History free essay: African Americans’ Struggle for Equality and their Status Today
African Americans’ Struggle for Equality and their Status Today
African Americans have fought for equality for a long time, since the time when they7 were freed from slavery in the early 1960s. As such, the current status of the African Americans in the US has been highly influenced by their struggle for equality, together with other non-whites (Mason 51). Although the long struggle for equality since the end o slavery has borne very significant fruits, the African Americans still face some degree of inequality today. This paper presents an analysis of the African Americans’ struggle for equality and their status in the American society today.
Prior to the Civil War that took place in the early 1960s in the US, most African Americans worked as slaves for the whites. In 1770s when the struggle for independence was at the climax in the US, President Thomas Jefferson recognized in the Declaration for Independence that all human beings are equal. Despite this, African Americans continued to be treated as slaves for almost one more century. In fact, President Jefferson had around 600 slaves. Slavery was declared illegal in the whole of the US after the end of the Civil War (Mason 53).
After the war, however, the Whites continued treating the African Americans and other non-whites as second-class citizens. For instance, the African Americans did not have the right to cast votes by the early 1970s. Part of the discrimination was supported by the laws enacted during the construction period. A good example is the Separate Car Act (Cates 35). The Act stated that the African Americans and other non-whites were not allowed to travel in the same public conveyances, such as cars, as the whites. In response, the African Americans, together with other non-whites protested, against the discrimination in the streets and also through legal systems (Cates 37). Despite this, discrimination continued to flourish as the legal systems and the protests did not provide effective solutions. When, for instance, the African Americans challenged the Separate Car Act in the Plessy vs. Fergusson case in 1882, the Supreme Court ruled in support of the Act (Cates 38).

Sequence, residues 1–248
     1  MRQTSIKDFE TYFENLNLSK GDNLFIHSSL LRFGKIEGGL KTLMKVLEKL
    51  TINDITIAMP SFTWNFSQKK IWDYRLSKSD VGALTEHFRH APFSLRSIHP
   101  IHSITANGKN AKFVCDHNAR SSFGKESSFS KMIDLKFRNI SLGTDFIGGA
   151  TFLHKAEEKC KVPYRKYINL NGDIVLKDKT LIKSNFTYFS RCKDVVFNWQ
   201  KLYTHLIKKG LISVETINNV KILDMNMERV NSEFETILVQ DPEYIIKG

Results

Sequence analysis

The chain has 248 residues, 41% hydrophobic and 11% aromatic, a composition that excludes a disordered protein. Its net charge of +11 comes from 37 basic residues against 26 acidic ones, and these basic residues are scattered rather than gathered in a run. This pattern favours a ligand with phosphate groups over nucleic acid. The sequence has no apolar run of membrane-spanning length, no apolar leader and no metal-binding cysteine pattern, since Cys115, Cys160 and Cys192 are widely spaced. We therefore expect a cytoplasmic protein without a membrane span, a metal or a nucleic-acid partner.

The discrimination against the blacks and other people of color continued until the 20th century. The African Americans were still being treated as inferior beings by 1960s. They were not allowed to use the same public conveyances as the whites. Also, the schools and other public facilities for the blacks were separated from those of the whites (Eitzen 101). The whites were favored as they were given priority in public places where they were served together with the blacks and other non-whites. Although the discrimination triggered many protests during the 20th century, the most recognized is the protest of the American civil rights movement that emerged in 1950s. The key player in the movement in 1960s was Martin Luther King Jr (Eitzen 101). In response to the efforts of the movement, any form of discrimination based on race, ethnicity and other personal attributes was made illegal.
Despite the fact that the law recognizes that the African Americans and people from other races should not be discriminated, there is still evidence of discrimination today. For instance, recent studies have shown that the African Americans and other people of color constitute around 80 percent of all people that are stopped and frisked by the police officers in New York. According to the report of Human Rights Watch, the blacks are more likely to be arrested and to take longer waiting for trial than the Whites (Eitzen 17). Studies have also found direct forms of discrimination against the blacks in the form of prejudice.
Overall, the African Americans have put significant efforts to fight for equality over the last one and half centuries. Their efforts have influenced their current equality status in the US, which is much better half a century ago. Although some forms of discrimination still exist, there is likelihood that the discrimination will continue diminishing in the future.
Cates, David. Plessy v. Ferguson: Segregation and the Separate but Equal Policy. Minnesota:
ABDO Publishing Company, 2012. Print.
Eitzen, Stanley and Janis E Johnston. Inequality: Social Class and Its Consequences. Routledge,
Mason, Herman. Politics, Civil Rights, and Law in Black Atlanta, 1870-1970. Charleston:
Arcadia Publishing, 2000. Print.
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